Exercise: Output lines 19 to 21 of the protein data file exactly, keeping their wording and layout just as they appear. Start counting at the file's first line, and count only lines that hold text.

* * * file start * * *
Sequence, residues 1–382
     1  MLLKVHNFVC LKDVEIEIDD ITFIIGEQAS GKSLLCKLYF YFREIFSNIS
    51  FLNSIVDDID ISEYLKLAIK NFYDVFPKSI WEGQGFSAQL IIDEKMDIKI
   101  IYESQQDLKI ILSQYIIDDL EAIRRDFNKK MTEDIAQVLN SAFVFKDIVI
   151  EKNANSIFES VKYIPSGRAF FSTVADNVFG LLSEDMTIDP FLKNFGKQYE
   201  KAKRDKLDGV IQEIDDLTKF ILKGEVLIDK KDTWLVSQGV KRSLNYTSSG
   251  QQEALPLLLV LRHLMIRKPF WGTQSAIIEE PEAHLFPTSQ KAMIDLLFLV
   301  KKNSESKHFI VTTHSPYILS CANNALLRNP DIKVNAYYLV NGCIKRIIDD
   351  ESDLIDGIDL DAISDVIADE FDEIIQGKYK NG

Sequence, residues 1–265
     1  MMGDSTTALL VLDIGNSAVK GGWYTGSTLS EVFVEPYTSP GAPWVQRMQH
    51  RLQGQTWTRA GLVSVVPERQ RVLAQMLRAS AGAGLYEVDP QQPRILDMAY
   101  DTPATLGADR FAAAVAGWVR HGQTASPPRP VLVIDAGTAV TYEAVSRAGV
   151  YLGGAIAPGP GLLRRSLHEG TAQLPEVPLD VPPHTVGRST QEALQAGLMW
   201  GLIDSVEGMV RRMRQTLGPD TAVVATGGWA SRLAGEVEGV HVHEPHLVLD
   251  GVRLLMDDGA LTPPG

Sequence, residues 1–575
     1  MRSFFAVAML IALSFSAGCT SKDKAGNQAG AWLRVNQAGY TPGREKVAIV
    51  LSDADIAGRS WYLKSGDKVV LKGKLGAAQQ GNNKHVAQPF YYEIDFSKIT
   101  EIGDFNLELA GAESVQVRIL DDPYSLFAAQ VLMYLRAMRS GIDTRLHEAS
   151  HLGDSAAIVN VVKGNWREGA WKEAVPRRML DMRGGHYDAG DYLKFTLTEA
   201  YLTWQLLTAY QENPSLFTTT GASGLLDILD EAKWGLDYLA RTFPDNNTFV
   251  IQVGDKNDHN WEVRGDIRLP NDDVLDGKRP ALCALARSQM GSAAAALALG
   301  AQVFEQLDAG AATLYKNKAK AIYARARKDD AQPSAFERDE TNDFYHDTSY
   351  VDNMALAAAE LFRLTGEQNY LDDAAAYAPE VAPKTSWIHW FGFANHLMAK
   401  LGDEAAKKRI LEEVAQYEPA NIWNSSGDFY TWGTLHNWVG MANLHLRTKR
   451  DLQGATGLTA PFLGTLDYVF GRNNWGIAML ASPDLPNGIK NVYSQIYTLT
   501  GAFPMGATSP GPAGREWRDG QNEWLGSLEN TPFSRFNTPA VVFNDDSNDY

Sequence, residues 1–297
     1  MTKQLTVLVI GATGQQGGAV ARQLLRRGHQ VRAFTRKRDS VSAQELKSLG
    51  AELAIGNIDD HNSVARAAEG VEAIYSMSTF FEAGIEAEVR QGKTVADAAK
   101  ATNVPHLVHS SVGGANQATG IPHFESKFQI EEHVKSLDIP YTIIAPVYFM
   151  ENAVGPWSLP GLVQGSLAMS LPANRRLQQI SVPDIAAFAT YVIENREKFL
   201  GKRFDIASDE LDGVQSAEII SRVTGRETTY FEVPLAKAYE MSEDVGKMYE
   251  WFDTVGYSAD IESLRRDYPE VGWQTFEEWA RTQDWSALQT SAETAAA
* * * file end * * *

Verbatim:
    51  LSDADIAGRS WYLKSGDKVV LKGKLGAAQQ GNNKHVAQPF YYEIDFSKIT
   101  EIGDFNLELA GAESVQVRIL DDPYSLFAAQ VLMYLRAMRS GIDTRLHEAS
   151  HLGDSAAIVN VVKGNWREGA WKEAVPRRML DMRGGHYDAG DYLKFTLTEA